House of Hoops

Client: Nike
Location: Beijing, China / Harlem, New York
Design: f=f
Production: FATHOM

Nike partnered with Footlocker to create a shopping experience tailored to basketball. The store was a split between the Air Jordan brand the Nike basketball brands. The store layout was like basketball court with one side Air Jordan and the other, Nike basketball.

For the first store opening in Beijing, Nike approached us to create a sculpture for the "half-court" location at the center of the store to resemble the "jump ball" (the play at the beginning of a basketball game to determine which team gets the ball first). We created two full size sculptures, one resembling Michael Jordan and the other, another basketball player. 

The pattern of the sculptures too many iterations. We explored ideas such as a basketball net and a herringbone pattern used on their basketball shoes. In the end, Nike preferred to use the same hexagonal pattern as our previous sculptures for Global Football.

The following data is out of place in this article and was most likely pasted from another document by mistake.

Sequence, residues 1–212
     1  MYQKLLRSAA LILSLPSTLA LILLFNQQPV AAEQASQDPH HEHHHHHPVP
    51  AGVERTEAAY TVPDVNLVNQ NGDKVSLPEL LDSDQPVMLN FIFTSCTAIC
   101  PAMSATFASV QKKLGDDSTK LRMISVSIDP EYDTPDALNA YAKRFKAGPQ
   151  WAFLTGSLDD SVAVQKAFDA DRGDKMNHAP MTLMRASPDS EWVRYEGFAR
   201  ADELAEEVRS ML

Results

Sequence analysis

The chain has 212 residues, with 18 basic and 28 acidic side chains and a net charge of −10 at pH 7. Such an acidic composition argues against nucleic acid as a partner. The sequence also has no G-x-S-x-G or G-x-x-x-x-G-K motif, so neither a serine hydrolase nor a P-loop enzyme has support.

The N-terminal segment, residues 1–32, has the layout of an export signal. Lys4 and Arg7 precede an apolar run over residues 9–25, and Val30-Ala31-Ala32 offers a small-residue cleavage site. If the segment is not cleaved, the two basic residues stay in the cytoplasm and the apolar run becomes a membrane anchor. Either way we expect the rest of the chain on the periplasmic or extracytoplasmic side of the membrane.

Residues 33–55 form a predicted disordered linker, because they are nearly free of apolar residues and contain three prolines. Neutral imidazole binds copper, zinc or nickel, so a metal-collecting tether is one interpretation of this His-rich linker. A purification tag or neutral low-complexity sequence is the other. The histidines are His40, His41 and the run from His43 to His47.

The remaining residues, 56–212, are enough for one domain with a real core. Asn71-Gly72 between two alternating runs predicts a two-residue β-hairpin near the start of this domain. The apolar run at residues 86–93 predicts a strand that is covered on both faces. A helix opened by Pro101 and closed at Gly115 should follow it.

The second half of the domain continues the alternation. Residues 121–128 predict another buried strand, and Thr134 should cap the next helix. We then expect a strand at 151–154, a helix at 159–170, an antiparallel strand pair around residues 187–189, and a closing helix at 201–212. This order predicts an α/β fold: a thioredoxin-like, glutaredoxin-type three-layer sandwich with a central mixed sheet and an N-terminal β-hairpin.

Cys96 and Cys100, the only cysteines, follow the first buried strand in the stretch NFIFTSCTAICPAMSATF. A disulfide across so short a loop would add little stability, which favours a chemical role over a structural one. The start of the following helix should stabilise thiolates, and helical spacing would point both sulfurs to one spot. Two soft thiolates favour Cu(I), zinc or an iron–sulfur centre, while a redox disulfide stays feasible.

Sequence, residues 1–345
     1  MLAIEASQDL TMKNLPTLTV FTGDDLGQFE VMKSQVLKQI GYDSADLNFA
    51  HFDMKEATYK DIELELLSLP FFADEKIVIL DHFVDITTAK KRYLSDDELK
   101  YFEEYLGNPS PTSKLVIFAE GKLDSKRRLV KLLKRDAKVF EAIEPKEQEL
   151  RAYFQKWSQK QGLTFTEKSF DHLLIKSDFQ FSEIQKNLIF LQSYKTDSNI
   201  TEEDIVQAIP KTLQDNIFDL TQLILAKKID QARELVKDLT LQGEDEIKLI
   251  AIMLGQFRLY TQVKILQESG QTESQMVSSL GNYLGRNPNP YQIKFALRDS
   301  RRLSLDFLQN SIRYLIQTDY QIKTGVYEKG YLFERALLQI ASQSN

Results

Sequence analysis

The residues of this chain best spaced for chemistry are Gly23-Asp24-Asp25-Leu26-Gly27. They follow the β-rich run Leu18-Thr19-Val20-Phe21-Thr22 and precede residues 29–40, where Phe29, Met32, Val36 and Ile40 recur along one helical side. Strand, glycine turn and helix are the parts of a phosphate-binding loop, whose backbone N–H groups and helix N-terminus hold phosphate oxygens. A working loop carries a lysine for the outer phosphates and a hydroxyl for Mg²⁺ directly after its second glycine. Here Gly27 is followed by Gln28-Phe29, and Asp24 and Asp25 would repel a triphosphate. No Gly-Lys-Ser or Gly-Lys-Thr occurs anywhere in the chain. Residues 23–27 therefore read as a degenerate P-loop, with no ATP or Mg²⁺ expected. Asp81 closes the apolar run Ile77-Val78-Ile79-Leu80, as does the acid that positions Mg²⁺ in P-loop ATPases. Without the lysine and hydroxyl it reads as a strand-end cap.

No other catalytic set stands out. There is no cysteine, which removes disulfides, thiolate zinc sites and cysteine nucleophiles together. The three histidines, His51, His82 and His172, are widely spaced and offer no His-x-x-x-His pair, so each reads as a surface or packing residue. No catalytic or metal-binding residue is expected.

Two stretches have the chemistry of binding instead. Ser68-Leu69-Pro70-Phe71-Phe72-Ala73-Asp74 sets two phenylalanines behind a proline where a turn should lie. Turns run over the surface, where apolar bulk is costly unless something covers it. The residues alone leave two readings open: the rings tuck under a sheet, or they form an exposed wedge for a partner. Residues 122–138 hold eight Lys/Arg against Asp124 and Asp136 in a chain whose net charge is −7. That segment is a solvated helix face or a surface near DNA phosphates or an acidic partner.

The sculptures were printed in SLS Nylon 12 in 15 pieces each. The printed parts had hidden mounting features for screws and rigging. This was especially important because they would be at ground level and could be seen very close.

The rigging design was especially unique because the sculptures were hung from cables that were not vertical, but came to a single point at the ground. Because of this, we had to use physics simulation to determine how the sculptures would hang depending on their mounting locations to make sure they would stay in the correct location.

When Nike opened another House of Hoops store in Harlem, they approached us to create a wall display showcasing all of the Air Jordan shoes to date, as well as a selection of Nike basketball shoes. They were meant to appear to be cast in concrete, maintaining the outdoor basketball court aesthetic of the store.

We acquired 3D scans of all the shoes and 3D printed full scale replicas with mounting features to attach to cast concrete frames with de-bossed lettering for the name of each shoe.

This was a feature used in both the Beijing and Harlem locations.